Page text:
Flowgram

Flowgram is a nice tool that I think many educators would find useful. Flowgram allows you to take webpages, photos, or PowerPoint presentations, put them into a linear sequence and add audio narration and notes. The result is somewhat like a screencast. It is free, does not require a download, and Flowgrams are embeddable in your blog, or can be shared in other ways (e.g., Facebook, Delicious, etc.)

Abhay Parekh, founder of the company, created a Flowgram to demonstrate the capabilities of the tool. Click on the image below:

Flowgram may be useful to yourself, or students. I can think of a number of educational applications.

MovieStorm

I just discovered MovieStorm, free software for Mac or Windows that allows users to create animated movies. The software download is quite large (in total, almost 500 MB), so if you are trying this, be sure to use a solid, high-speed connection.

MovieStorm Demo

Click here to watch a demo.

While I have not had a chance to dive deep into this tool, it seems fairly easy-to-use and has enough potential to keep more advanced users engaged. The tool could be used as intended for creating and narrating movies, and then sharing with a wider audience. Or, the program could also be used to plan, storyboard, or sketch ‘real-life’ video projects, including set design, lighting, camera angles, and script. While the tool is free, there are content packs that can be purchased.

I am not sure how long this tool has been around, or if there has been much work done with it in classrooms, but I am excited by the possibilities for movie production and storytelling.

Speak Up 2007 – Selected National Findings

Project Tomorrow has released its “Selected National Findings“, an analysis of data from online surveys, focus groups and interviews of parents, teachers, school leaders and students in the US. Project Tomorrow touts itself as “the nation’s leading education nonprofit organization dedicated to ensuring that today’s students are well prepared to be tomorrow’s innovators, leaders and engaged citizens of the world.”

These findings were particularly interesting to me.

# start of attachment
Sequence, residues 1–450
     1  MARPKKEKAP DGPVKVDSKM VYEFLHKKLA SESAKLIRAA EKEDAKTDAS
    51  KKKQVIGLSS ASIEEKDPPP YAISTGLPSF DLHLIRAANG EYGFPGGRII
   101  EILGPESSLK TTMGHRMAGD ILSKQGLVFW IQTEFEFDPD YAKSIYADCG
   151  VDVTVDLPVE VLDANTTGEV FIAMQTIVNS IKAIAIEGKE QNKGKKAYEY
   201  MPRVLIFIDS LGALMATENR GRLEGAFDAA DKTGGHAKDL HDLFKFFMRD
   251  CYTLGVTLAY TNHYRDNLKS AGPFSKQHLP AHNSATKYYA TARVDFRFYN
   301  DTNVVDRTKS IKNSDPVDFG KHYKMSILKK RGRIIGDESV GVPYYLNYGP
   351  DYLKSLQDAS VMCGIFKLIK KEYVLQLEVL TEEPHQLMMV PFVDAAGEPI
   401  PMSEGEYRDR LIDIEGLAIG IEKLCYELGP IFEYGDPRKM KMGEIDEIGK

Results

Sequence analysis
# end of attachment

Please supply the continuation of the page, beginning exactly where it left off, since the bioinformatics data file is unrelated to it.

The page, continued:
Re: Filters (both technical and human) –

Students’ frustration with school filters and firewalls has grown since 2003, with 45% of middle and high school students saying now that these tools meant to protect them inhibit their learning. And since 2004 we have heard repeatedly and more strongly each year, students’ discontent with school rules that limit their access to technology at school and rules that prohibit them from using at school the very technology tools and devices that they use constantly outside of school (cell phones, email, IM, Text messaging) in all aspects of their lives. That discontent factor has grown by 46% over the past four years. The other major obstacle today is the teacher – over 40% of students in grades 6-12 cite their teacher as an obstacle since it is the teacher who increasingly is limiting the “when and where” of using technology at school.

Re: Personal Learning –

When asked how their school could make it easier for them to work electronically, almost 2/3rds of middle and high school students said “let me use my own laptop, cell phone or other mobile device at school.” 50% would like to be able to access their school work related software applications and projects from any computer in the school network and have unlimited Internet access on campus. Students also would like tools to help them communicate with their classmates (45%), their teachers (34%) and to organize their schoolwork (42%).

Re: Emerging Technologies –

Over 50% of students in grades 3-12 would like to see more educational gaming in their 21st century school; only 16% of teachers, 15% of administrators, and 19% of parents endorse that concept. While 53% of middle and high school students are excited about using mobile devices within learning, only 15% of school leaders support that idea. Less than half as many parents as students see a place for online
learning in the 21st century school. And even fewer teacher, parents and school leaders want students to have access to emails and IM accounts from school.

Re: Student-Directed Change –

As one high school student in a recent focus
group told us, his vision for the ultimate school is a school where the teachers and the principal actively seek and regularly include the ideas of students in discussions and planning for all aspects of education, not just about technology. As the student so eloquently said, “This is about our future after all. Our ideas should count, too.”